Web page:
The first thing I served was a chilled pea soup that I learned to make from my friend Sarah while living in Australia. It is a fresh-tasting, simple recipe that I had made dozens of times and people always seemed to enjoy. Julia complimented it as she dove in enthusiastically, saying something like “This is delightful Dearie. What is in it?” I replied, “It is Lettuce Pea Soup, pureed and chilled, with cream added at the end.” My good friend Peter who was also at the dinner said, “Are you serious?” I thought he was referring to the lettuce and I told him it really did have an entire head of iceberg lettuce in it. He laughed deviously and suggested I rethink the name of my “Let Us Pee Soup.” Julia had a great sense of humor and loved a good laugh so it was a great start to a wonderful friendship.
When I think back on situations like this one, I am very grateful for my obliviousness. Perhaps I am not as conscientious, intellectual or driven as some people, but my lack of perfection has allowed events to happen that may never have come to be if I had thought too much. Apparently, inviting Julia Child to come over for a home-cooked dinner was not something a lot of people felt comfortable doing. It’s too bad more people didn’t because Julia probably would have said yes. Inviting Julia to dinner is what sparked the development of our friendship. And my memories of our friendship, and dining with Julia casually around our table, are priceless to me. The food may not have always been up to par with her usual fare, but we always had a good laugh and a good time.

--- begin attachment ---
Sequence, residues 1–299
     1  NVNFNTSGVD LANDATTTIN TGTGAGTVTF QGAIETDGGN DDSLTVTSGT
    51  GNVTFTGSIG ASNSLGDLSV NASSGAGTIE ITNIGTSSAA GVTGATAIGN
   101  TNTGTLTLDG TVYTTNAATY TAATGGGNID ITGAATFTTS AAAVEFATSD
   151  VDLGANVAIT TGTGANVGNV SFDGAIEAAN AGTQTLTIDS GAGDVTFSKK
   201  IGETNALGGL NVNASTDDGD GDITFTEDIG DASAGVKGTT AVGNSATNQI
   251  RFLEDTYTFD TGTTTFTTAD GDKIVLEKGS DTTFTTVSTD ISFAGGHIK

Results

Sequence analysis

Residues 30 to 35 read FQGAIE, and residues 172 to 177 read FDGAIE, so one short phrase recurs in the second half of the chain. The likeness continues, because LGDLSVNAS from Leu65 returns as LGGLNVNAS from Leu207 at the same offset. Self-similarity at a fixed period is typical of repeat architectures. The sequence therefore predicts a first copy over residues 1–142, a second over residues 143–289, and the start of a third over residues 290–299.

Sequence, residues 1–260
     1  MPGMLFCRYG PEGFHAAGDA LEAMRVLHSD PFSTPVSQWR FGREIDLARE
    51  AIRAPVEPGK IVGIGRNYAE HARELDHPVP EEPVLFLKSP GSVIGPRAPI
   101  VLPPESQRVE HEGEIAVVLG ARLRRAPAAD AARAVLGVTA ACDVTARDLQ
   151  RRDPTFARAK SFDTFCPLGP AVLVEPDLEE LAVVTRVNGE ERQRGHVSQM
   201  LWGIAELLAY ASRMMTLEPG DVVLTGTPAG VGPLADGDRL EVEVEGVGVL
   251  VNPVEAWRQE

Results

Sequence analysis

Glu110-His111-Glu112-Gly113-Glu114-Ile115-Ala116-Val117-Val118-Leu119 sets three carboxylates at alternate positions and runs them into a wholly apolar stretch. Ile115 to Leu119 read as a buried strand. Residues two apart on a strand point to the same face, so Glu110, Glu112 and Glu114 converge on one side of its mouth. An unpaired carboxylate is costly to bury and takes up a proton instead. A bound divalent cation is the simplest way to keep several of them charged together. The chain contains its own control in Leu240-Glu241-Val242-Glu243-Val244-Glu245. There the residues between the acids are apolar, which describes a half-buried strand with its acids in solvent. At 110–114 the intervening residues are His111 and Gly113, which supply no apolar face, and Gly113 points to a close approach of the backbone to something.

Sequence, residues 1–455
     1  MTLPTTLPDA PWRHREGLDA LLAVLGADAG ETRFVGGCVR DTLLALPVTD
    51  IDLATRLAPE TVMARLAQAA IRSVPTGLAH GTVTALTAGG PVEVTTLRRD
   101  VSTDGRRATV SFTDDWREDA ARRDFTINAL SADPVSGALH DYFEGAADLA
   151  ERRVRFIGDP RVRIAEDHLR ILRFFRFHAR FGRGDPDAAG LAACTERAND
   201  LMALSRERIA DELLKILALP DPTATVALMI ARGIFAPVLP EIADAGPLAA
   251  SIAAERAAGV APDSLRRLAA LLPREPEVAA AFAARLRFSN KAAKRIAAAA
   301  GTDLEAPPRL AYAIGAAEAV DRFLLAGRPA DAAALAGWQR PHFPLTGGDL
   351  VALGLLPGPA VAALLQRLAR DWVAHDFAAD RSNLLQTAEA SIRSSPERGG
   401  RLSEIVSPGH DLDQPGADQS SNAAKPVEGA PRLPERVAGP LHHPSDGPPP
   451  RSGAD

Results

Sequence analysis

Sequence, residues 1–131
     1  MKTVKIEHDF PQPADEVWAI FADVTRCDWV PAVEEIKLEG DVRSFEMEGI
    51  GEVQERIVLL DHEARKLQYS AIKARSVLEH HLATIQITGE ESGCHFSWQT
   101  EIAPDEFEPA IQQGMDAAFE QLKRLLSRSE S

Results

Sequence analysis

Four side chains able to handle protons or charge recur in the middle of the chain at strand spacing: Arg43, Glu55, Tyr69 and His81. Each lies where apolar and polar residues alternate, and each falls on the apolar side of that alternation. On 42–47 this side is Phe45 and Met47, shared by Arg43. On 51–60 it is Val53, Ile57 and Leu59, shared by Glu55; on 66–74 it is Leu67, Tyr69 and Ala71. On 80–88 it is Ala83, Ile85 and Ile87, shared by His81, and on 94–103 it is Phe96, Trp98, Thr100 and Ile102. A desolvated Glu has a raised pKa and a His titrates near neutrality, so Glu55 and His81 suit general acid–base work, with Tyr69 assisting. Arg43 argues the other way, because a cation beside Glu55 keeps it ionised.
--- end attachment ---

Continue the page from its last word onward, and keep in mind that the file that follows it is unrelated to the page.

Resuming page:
“Learn how to cook-try new recipes, learn from your mistakes, be fearless, and above all have fun!” – Julia Child
Sarah’s Chilled Pea Soup
1/4 pound fresh shelled peas OR 1 heaping cup frozen peas
1 large potato, peeled and sliced
1 medium yellow onion, peeled and sliced
1 head iceberg lettuce, broken up
5 cubes chicken bouillon dissolved in 3 cups water OR 3 cups very strong chicken broth
2 T. chopped chives
3/4 to 1 cup heavy cream (to your taste)
juice of 1/2 lemon (about 2 T.)
1 tsp salt or to taste
1/4 tsp white pepper or to taste
chopped chives and blanched snow peas for garnish
Put peas, potato, onion, lettuce and chives in large pan with strong chicken broth. Bring to boil and simmer 15 minutes or until potato is soft. Cool and puree in blender or food processor until smooth.
Add cream, salt, pepper and lemon juice. If too thick, add more chicken broth.
Serve with snow peas and chives sprinkled on top.
Note: Can be prepared one day ahead but add cream a few hours before serving.